In addition, to the extent that the Court chooses to address the merits of Wayte's selective prosecution claim, ante, at 607-610, it must also decide the antecedent discovery question. First, the merits of that constitutional claim, which were not briefed before this Court, are certainly no better presented than Wayte's discovery claim. Second, it makes little sense to decide whether, at the time that the Government chose to ignore the District Court's discovery order, Wayte had amassed sufficient evidence to prove that the Government acted in a discriminatory manner. The threshold question is, of course, whether Wayte presented enough evidence of a constitutional violation to be entitled to documents in the Government's possession. If he was entitled to such discovery, the merits should not be addressed until the record is complete.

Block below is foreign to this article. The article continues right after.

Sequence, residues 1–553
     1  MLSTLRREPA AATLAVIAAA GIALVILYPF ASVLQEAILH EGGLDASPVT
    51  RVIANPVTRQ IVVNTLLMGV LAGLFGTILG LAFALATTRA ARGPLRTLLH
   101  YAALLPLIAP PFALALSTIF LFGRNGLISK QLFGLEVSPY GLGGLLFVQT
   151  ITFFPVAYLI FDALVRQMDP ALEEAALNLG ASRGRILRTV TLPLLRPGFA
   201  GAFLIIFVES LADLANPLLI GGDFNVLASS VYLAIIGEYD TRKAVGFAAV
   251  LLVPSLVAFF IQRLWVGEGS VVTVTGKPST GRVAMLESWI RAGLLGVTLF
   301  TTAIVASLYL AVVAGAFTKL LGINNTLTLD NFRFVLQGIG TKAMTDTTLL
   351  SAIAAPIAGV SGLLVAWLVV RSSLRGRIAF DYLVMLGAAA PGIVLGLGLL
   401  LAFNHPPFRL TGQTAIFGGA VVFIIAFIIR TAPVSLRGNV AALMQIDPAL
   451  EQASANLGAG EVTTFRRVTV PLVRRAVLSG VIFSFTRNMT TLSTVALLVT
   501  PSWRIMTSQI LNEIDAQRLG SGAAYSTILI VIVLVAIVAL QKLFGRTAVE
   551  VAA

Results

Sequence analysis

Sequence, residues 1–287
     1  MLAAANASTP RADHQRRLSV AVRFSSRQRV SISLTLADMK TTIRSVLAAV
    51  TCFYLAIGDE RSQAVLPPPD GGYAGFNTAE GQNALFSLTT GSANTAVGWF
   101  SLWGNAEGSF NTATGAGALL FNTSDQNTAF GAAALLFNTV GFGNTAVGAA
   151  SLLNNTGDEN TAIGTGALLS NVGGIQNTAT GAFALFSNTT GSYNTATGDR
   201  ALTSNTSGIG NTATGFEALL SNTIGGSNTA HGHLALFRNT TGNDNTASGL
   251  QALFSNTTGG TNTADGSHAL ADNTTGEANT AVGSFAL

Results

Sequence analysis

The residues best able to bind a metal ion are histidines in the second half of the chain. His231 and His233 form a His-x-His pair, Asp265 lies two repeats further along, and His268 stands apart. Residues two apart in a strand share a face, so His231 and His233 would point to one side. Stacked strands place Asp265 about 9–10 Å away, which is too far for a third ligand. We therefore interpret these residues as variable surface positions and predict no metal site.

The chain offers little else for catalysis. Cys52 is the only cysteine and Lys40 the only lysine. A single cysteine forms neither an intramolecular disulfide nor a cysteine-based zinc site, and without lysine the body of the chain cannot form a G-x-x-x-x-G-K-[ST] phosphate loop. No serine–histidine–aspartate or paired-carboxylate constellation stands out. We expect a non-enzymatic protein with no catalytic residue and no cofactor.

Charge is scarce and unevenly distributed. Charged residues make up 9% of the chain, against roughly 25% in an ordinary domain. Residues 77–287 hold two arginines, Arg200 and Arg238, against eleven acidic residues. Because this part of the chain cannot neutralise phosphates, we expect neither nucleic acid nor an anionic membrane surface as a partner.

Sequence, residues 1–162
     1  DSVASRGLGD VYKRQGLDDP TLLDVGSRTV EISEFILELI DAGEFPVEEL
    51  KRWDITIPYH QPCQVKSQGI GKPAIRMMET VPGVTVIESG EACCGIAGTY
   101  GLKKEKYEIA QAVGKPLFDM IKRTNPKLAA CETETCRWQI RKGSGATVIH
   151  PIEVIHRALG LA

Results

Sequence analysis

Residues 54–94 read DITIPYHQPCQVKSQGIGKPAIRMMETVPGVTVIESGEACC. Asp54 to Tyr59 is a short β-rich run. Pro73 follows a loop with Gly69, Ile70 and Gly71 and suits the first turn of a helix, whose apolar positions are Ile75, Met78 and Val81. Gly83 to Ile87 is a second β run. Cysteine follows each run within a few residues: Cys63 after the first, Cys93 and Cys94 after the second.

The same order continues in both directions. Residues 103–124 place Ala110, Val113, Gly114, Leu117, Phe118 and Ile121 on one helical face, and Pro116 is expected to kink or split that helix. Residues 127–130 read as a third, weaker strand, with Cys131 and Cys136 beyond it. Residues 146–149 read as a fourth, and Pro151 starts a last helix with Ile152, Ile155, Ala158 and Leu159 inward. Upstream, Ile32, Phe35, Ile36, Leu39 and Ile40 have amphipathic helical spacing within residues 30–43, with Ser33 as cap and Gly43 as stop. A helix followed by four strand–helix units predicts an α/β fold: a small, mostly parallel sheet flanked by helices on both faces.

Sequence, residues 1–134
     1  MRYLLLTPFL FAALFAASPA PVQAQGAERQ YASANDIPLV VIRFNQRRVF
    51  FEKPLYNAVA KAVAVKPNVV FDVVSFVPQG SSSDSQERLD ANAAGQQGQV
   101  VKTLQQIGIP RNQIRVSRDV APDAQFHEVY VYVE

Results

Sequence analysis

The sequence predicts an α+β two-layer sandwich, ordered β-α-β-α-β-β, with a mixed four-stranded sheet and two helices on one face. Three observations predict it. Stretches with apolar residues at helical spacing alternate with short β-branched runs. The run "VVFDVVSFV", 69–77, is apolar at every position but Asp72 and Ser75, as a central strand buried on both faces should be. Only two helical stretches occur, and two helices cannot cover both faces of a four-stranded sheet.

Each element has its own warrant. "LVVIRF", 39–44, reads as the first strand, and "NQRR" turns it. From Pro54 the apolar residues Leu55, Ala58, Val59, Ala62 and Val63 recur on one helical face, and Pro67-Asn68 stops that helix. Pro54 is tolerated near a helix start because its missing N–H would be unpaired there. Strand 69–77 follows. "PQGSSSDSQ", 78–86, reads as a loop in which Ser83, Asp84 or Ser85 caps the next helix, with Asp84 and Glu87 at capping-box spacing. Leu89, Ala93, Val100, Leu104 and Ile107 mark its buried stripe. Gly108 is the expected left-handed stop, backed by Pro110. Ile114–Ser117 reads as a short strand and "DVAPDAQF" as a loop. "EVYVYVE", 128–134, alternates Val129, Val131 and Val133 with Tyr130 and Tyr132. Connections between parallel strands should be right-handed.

Finally, it is curious that the Court here professes such concern about whether the discovery issue was properly presented. Indeed, the Court chooses to address Wayte's claim that the prosecution scheme placed a direct burden on the exercise of First Amendment rights. Ante, at 610-614. That claim was not presented or ruled upon by the District Court, was not presented or ruled upon on appeal, and was not raised in Wayte's petition for certiorari. To the extent that the Court discusses that claim on the ground that all of Wayte's constitutional claims are interrelated, it must also discuss the threshold constitutional claim: Whether Wayte made a sufficient showing of a constitutional violation to be entitled to discovery.